3 Strategies for Spending More Time Fishing This Year

The magical moment when all your planning pays off.
Photo by Evan Jones

If your new year’s resolutions included going fishing more often, you may find that spending more time on the water is easier said than done. Despite starting off with the best of intentions, life happens, plans change along the way, and hobby days are usually the first to be canceled once schedules get crunched. It turns out that making time to fish is actually a lot harder than it might sound. But there are a few tried-and-true strategies you can use to help ensure that your fishing days won’t fall by the wayside as often this year. Here are three of my favorites:

1. Plan Ahead

Whether you’re planning a multi-day group trip or just a quick solo adventure, the farther in advance you schedule the trip, the more likely it is to actually happen. While it’s often tempting to wait for ideal conditions and then try to put something together at the last minute, it’s less likely that all the necessary pieces will fall into place at the 11th hour, and you may end up not being able to go at all. Better to get stuck fishing during bad weather than to get stuck having to cancel a poorly-planned trip during nice weather.  

Time flies these days, so get your fishing dates reserved before something else comes up.
Photo courtesy of Public Domain Pictures

2. Establish a New Tradition

Planning ahead is even more effective when taken to the next level: setting aside one specific day each month to go fishing. This works best if you establish a regular pattern–taking off the second Thursday of each month, for example–so that family and co-workers can predict your absence and schedule around it. You may encounter some resistance at first, but after a few months, people will begin to accept this new feature of your schedule just as they would any other recurring obligation, and you’ll have an extra day on the water each month.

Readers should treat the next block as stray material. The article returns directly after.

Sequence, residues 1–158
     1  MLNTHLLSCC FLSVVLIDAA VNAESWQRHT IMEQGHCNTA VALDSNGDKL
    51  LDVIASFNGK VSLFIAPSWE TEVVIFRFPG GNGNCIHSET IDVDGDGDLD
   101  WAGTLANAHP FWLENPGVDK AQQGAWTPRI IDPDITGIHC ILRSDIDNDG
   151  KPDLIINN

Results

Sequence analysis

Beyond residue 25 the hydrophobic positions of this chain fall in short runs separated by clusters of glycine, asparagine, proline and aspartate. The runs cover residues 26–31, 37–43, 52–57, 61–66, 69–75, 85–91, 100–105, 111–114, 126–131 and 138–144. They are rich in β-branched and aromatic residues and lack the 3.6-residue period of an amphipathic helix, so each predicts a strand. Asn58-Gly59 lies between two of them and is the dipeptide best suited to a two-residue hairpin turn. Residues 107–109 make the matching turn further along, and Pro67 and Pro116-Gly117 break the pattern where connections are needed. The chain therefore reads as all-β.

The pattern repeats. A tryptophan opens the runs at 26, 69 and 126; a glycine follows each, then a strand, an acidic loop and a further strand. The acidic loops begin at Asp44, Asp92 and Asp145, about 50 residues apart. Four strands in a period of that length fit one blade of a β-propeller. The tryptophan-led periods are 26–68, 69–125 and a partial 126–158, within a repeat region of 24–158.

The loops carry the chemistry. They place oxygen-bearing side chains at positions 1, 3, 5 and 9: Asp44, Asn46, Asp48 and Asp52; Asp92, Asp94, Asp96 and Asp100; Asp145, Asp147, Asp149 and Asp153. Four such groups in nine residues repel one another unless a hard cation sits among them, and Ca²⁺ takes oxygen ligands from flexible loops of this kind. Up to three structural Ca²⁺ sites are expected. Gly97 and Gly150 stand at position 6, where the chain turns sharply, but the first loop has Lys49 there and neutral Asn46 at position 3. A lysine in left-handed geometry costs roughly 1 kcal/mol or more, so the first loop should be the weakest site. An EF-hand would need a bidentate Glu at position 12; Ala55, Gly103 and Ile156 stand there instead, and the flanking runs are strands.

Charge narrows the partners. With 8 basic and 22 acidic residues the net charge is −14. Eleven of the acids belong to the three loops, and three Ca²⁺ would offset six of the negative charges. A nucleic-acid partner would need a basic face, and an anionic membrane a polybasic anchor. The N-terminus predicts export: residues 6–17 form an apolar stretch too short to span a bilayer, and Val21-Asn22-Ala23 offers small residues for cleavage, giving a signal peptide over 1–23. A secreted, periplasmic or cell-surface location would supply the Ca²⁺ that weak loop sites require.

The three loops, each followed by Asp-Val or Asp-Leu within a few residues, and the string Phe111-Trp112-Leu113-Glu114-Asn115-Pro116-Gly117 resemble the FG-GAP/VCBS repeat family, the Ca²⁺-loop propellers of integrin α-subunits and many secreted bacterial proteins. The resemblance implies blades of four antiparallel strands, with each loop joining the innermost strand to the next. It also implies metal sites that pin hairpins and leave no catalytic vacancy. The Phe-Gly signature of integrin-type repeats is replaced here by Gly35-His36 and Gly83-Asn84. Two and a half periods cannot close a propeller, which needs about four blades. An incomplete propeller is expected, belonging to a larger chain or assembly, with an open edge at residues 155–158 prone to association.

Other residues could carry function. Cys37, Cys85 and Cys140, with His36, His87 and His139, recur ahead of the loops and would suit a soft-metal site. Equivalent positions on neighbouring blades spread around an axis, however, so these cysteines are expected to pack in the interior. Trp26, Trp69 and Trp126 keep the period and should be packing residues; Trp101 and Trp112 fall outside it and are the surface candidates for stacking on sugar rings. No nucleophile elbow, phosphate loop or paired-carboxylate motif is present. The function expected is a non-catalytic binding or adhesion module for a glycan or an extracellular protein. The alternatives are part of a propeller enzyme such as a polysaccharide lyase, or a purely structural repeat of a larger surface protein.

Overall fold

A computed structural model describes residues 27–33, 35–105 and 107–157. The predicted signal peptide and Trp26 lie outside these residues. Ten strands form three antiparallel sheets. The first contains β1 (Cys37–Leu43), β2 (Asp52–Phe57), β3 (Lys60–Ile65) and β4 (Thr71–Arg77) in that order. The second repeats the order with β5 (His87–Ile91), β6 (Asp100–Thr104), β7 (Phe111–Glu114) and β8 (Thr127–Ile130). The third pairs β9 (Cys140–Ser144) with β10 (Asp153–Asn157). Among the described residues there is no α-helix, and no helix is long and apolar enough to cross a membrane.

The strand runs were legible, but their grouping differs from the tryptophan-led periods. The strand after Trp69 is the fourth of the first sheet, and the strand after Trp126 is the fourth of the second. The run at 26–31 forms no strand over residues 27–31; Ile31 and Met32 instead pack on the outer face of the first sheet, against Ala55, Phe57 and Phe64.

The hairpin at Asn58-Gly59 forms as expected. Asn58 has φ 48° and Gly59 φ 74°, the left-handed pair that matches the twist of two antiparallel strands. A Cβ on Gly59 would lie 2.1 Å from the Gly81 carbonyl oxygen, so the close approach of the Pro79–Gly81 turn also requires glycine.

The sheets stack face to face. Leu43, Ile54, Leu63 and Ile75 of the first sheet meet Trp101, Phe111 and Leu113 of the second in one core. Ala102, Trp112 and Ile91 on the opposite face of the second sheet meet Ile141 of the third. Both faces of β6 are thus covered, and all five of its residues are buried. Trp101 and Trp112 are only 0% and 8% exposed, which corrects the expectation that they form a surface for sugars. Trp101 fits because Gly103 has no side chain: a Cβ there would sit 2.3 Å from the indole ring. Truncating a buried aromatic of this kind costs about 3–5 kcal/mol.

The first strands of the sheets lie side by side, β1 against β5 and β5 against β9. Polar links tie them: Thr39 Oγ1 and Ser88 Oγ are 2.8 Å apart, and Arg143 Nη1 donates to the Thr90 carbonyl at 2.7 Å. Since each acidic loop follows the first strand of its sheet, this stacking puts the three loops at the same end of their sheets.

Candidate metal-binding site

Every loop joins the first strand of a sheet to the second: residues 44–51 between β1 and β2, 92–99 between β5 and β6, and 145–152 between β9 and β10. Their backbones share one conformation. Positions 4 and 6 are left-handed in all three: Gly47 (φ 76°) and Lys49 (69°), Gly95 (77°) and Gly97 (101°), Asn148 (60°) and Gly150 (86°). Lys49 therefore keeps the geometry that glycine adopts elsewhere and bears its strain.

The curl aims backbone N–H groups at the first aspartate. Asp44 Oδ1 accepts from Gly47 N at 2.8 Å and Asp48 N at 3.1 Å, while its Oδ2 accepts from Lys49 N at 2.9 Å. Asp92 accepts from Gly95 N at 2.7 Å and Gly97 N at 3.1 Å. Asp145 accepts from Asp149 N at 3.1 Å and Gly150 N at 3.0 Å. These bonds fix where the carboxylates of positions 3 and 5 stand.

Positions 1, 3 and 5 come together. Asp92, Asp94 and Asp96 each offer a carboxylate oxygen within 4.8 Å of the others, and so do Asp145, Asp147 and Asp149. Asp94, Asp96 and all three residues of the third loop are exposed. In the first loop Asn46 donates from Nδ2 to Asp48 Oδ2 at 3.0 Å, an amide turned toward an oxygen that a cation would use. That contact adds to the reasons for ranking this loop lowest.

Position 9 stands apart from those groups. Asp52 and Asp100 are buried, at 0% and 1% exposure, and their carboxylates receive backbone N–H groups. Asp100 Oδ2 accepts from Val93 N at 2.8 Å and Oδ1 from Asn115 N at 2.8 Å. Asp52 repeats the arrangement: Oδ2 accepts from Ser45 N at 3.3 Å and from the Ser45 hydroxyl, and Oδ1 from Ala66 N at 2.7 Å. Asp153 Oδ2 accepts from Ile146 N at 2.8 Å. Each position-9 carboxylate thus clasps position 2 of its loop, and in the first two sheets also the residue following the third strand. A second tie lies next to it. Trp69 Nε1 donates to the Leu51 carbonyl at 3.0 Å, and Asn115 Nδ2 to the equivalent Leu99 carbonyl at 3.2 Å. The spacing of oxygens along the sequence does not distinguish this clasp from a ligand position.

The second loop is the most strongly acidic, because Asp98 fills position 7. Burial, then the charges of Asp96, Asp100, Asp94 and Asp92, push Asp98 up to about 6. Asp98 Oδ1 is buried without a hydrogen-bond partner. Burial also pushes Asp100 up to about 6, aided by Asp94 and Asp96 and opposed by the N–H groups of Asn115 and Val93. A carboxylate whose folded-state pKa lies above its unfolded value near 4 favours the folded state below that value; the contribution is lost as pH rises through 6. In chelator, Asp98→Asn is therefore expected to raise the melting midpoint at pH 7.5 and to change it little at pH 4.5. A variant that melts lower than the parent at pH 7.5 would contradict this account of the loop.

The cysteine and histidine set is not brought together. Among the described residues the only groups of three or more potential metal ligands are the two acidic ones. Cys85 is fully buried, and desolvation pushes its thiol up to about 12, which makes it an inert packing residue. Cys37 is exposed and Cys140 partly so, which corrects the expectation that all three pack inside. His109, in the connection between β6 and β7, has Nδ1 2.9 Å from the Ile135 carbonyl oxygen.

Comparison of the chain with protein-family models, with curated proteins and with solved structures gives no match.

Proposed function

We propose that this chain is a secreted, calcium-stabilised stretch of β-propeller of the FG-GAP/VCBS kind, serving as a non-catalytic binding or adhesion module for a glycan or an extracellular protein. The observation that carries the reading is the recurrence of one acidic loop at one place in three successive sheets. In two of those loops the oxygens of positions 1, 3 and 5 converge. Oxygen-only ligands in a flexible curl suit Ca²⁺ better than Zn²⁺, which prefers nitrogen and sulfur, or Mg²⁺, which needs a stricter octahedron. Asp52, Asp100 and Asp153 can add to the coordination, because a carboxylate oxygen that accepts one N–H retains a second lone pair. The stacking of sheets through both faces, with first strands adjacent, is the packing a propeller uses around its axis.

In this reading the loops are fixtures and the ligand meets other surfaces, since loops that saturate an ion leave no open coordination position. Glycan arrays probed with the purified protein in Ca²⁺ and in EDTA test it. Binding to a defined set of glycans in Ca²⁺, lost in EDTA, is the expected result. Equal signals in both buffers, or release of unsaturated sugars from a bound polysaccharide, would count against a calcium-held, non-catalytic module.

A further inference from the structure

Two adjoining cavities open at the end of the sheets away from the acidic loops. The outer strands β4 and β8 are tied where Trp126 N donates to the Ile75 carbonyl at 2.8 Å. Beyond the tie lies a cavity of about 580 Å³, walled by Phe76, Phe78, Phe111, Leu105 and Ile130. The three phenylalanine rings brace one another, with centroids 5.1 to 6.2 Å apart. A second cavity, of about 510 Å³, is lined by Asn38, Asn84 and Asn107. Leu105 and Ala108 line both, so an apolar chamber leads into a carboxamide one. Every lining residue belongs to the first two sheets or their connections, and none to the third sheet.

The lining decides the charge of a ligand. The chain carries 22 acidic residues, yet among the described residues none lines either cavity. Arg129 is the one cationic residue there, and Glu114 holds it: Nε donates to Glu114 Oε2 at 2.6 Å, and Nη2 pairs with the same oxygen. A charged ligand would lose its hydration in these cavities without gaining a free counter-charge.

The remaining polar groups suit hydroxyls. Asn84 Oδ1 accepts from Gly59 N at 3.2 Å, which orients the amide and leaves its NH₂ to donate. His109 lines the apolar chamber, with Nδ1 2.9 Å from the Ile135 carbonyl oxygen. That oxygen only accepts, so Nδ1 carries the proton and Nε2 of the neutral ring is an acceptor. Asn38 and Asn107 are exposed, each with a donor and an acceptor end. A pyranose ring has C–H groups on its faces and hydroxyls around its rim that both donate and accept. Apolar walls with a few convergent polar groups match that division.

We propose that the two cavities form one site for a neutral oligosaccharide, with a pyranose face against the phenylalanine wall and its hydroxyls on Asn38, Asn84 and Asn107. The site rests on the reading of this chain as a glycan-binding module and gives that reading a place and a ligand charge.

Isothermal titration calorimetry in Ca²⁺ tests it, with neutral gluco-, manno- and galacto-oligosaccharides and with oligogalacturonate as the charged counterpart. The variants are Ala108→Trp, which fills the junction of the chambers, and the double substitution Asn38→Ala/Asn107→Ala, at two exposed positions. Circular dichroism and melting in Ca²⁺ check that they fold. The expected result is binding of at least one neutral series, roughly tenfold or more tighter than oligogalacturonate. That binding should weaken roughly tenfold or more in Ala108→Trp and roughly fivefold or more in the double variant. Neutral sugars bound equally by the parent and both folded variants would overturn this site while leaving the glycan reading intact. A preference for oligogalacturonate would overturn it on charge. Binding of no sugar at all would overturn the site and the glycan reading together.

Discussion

Not only are local ponds convenient, but they’re also great places to introduce kids to fly-fishing, making them an excellent option for quick day trips.
Photo by Evan Jones

3. Fish When and Where you Can

If your schedule simply won’t allow for taking entire days off, you can still manage to spend more time on the water by taking advantage of brief windows of opportunity throughout the week. Put together a small fishing kit to keep in your car, and watch for parks or other public lands with ponds or creeks on them during your weekly commuting. If you’re in a more urban area, check the outflow of the nearest water treatment facility. These won’t be the most scenic outings, and the catching might be sub-par, but getting out consistently will keep your skills sharp and your interest up until you have the time for a real trip. (This is one of the concepts behind our annual “20 Days in September” campaign.

Evan Jones lives in Colorado.

2 thoughts on “3 Strategies for Spending More Time Fishing This Year”

  1. I never understood why the “20 days in September” ends up being a photography contest. These seem like two completely different things to me. I do my best to complete the 20 days, and I have once. I’ve been close other times. I don’t submit photos because I’m not going to win a photo contest.

    1. The photo contest is simply a way to keep the “20 Days in September” message alive for the entire month, and it’s a great way to give folks just a little more impetus to get out on the water. I, too, would never win the photo contest.

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